Take-Away #3 — Leader as Gardener

McChrystal describes his uncomfortable transition from a self-image of “heroic leader” to “humble gardener” (225).

He writes:

As a leader, “I needed to shift my focus fro moving pieces on the board to shaping the ecosystem. Paradoxically, at exactly the time when I had the capability to make more decisions, my intuition told me I had to make fewer. At first it felt awkward to delegate decisions to subordinates that were technically possible for me to make “(226).

To be a leader doesn’t mean you must make every decision and seek to wield more and more authority–powerful leadership also comes from enabling others. A multiplier effect. [Again, I was amazed at how relevant these concepts were to collaboration in ministry!]

McChrystal explains:

“If the garden is well organized and adequately maintained, and the vegetables are promptly harvested when ripe, the product is pretty impressive. The gardener creates an environment in which the plants can flourish. The work done up front, and vigilant maintenance, allow the plants to grow individually, all at the same time…I began to view effective leadership in the new environment as more akin to gardening than chess…nurturing the organization..to enable the subordinate components to function with ‘smart autonomy’…as in a garden, the outcome was less dependent on the initial planting than on consistent maintenance. Watering, weeding, and protecting plants from rabbits and disease are essential for success. The gardener cannot actually ‘grow’ tomatoes, squash, or beans–she can only foster an environment in which the plants do so…Creating and maintaining the teamwork conditions we needed–tending the garden–became my primary responsibility…I found that only the senior leader could drive the operating rhythm, transparency, and cross-functional cooperation we needed. I could shape the culture and demand the ongoing conversation that shared consciousness required” (225-226).

This is where the rubber meets the road in many church organizations–only the senior leader can set the tone to make a collaborative organizational culture a reality. [Which brings us back to #2…stop blaming and change the right things…]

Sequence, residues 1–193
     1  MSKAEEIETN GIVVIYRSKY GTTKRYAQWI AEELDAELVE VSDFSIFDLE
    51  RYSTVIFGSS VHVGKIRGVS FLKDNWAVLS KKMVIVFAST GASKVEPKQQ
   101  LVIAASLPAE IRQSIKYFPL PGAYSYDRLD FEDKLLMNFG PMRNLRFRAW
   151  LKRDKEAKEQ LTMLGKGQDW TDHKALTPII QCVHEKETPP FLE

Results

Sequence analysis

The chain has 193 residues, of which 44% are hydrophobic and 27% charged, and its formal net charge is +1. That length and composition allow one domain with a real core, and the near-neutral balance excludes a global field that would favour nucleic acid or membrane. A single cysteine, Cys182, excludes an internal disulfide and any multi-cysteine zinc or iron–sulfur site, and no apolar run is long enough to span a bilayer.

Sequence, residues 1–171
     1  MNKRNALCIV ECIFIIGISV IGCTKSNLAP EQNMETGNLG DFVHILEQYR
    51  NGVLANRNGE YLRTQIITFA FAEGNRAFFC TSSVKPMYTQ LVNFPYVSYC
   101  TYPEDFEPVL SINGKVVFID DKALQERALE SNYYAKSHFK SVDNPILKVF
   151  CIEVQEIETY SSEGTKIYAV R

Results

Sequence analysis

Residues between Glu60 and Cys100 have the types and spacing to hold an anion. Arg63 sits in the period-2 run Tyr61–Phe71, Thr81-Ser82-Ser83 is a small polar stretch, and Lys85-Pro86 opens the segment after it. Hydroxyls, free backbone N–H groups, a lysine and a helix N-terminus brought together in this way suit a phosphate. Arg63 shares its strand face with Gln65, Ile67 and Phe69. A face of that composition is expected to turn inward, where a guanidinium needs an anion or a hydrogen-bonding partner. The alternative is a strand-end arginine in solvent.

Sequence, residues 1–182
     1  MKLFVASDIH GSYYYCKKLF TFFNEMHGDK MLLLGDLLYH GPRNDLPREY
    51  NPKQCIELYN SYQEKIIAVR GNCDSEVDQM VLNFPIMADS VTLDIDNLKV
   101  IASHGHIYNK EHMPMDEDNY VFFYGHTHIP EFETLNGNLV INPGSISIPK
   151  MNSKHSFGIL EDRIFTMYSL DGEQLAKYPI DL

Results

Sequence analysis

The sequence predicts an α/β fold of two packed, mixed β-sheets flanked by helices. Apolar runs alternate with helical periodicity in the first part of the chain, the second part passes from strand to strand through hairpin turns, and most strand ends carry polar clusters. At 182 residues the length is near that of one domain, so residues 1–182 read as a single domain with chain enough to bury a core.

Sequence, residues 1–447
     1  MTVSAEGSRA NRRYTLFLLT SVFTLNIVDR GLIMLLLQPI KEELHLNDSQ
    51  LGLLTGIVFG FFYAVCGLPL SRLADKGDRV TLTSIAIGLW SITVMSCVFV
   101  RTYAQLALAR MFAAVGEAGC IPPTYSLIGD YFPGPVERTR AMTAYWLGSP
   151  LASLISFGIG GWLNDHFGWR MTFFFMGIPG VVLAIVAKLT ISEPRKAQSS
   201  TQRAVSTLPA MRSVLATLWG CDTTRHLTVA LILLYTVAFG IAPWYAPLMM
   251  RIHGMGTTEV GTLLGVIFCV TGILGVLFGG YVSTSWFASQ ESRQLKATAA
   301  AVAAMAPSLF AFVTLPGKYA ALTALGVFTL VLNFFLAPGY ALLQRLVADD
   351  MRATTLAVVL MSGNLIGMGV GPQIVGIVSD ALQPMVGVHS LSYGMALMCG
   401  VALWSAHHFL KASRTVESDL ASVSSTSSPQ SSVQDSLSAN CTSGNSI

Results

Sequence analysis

Take-Away #4 — Trust and Common Purpose. Trust First.

This diagram comes at the end of Team of Teams. For it to make sense, order matters.

Source: GoogleBooks preview (p. 245)
Source: GoogleBooks preview (p. 245)

It starts in the center–with trust and common purpose. This reminds me of Patrick Lencioni’s emphasis on trust as the foundation of organizational health. If leaders and teams can’t trust each other in ministry, then that’s the first step, period. Out of a healthy organization comes (looking to the right side of the diagram) empowered execution–when individuals know that their leaders trust them, provide the resources, guidance, and freedom to do good (and occasionally fail!)–and shared consciousness–knowing what’s important beyond one’s own team. An organization that operates with these two characteristics has demonstrated adaptability. And, adaptability is what enables an organization to act with the speed and multi-dimensional approaches necessary for today’s complex challenges.

As I reflect on this, I see a connection to how many parishes/ministries have approached the New Evangelization–treating it as a program or static “problem” that can be analyzed and planned well in advance and executed by a small group of individuals. But, the call for a New Evangelization is certainly evidence of complexity in today’s cultural and religious environment. In many cases, a “team of teams” approach is greatly needed in order to break down silos, improve the speed of change, and re-build the trust that all missionary disciples must have to truly be free to labor most fully and fruitfully in the vineyard.